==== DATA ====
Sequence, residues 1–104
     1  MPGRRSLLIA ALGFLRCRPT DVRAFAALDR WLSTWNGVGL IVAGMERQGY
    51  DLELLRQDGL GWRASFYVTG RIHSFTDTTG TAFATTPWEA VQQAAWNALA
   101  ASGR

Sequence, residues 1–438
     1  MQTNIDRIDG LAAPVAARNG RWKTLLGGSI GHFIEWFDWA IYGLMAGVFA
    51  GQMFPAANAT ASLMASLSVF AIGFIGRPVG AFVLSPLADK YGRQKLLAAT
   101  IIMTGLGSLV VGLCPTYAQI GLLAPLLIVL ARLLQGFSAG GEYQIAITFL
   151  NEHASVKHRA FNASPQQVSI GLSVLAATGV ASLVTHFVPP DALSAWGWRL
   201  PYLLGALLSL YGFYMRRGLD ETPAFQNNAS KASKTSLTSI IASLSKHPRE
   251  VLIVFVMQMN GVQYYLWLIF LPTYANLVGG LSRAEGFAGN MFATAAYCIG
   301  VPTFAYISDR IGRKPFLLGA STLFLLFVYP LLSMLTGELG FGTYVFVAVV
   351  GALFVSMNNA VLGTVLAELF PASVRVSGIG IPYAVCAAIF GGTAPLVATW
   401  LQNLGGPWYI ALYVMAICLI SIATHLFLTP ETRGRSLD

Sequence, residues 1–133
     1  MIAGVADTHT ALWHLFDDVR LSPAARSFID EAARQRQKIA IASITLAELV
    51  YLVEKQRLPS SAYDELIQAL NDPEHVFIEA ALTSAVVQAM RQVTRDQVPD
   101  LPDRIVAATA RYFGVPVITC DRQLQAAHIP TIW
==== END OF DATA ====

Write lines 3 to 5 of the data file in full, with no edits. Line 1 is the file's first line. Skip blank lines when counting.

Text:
    51  DLELLRQDGL GWRASFYVTG RIHSFTDTTG TAFATTPWEA VQQAAWNALA
   101  ASGR

Sequence, residues 1–438